Imagine: you are in the United States as a tourist, on a business trip, or any other type of nonimmigrant visa, and you have decided to attend a college, school or a language school in the United States. You can request the USCIS to change your status to that of a student while remaining in the United States.
To do so, you first need to find an educational institution (college, university, high school) that will accept you as a student. Once you are admitted, the educational institution will issue you a student form called Certificate of Eligibility for Nonimmigrant Student Status. Most commonly, this will be a student form I-20.
You then need to submit to the USCIS application to change your status, Form I-539, along with all supporting evidence such as your I-20, passport and visa pages, Form I-94, and proof that you will be able to pay for your school and living expenses. You will also need to pay a filing fee.
Please note that due to recent changes in the law, you must also remain in legitimate status. It means that if you are in the United States, let’s see on a B-2 tourist visa. You will need to submit another Form I-539, Request to Extend Status. Because USCIS is taking about a year to process change of status requests, you may need to provide two or even 3 Extension of Status applications. You can extend your status for a maximum of 6 months on a filed application, which is why multiple applications may have to be filed.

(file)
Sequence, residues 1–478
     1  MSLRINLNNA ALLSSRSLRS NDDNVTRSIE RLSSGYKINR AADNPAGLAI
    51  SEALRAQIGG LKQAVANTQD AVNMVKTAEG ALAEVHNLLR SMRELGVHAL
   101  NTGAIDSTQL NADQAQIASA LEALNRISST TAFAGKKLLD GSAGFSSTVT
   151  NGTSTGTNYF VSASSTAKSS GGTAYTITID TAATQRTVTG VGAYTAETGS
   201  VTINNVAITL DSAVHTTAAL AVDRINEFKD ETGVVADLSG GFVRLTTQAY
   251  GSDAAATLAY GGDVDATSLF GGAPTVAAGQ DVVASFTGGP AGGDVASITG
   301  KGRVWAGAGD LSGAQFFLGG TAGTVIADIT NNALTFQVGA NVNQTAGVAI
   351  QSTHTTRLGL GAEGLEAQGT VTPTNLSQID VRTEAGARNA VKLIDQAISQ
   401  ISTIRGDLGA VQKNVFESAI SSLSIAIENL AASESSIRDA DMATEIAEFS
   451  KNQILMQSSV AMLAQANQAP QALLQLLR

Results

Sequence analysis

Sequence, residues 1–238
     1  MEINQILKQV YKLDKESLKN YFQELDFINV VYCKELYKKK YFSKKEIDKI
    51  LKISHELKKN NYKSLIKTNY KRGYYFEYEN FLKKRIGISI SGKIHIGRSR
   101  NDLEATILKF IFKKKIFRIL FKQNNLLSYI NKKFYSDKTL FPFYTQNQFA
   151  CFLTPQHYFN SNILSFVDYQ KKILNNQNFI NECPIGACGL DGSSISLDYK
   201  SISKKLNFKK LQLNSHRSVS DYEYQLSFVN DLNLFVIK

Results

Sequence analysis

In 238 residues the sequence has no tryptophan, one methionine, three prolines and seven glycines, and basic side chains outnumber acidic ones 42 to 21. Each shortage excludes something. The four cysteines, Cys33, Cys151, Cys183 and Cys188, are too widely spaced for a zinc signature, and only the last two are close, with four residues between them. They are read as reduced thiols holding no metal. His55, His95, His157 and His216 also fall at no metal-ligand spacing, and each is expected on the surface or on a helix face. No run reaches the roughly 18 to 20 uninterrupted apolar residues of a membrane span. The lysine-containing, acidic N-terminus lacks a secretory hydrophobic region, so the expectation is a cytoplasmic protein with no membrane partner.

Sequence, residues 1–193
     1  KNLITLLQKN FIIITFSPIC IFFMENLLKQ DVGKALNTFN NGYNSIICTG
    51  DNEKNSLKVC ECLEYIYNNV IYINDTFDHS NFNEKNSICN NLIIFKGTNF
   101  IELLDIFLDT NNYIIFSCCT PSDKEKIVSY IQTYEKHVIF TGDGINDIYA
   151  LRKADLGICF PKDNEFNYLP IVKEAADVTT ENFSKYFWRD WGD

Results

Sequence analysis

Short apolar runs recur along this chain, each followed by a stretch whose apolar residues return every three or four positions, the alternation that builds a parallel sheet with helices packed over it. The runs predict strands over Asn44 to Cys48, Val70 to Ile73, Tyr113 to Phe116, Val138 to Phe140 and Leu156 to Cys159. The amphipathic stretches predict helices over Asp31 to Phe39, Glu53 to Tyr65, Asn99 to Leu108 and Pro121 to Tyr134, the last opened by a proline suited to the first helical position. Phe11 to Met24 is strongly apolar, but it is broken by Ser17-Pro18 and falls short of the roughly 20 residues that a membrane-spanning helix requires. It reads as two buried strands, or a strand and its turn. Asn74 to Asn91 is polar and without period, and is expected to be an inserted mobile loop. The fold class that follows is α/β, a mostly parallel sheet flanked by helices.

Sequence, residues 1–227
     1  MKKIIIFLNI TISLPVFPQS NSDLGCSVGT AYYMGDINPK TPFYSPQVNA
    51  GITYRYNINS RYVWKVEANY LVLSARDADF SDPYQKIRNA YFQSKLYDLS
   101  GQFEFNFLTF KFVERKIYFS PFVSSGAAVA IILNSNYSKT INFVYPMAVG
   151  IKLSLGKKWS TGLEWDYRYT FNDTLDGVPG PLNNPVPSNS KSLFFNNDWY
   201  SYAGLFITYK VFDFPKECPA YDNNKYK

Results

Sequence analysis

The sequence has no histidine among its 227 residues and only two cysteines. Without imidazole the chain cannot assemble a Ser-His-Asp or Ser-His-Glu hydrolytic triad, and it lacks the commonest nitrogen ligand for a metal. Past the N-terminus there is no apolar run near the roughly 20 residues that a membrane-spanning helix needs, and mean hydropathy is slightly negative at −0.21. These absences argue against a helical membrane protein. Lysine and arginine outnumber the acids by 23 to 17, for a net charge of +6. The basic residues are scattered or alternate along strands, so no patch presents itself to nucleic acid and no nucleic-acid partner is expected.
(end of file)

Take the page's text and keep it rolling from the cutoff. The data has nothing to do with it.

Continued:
Be cautious if you decided to change your status. It is a very time-sensitive matter, and if you failed to timely file such requests, you will run out of status and become an illegal immigrant.
Things will get trickier if you are on other types of visas. For instance, if you are a work-and-travel J-1 visa student, you cannot extend your J visa. Therefore, you have to be strategic and knowledgeable about how to proceed.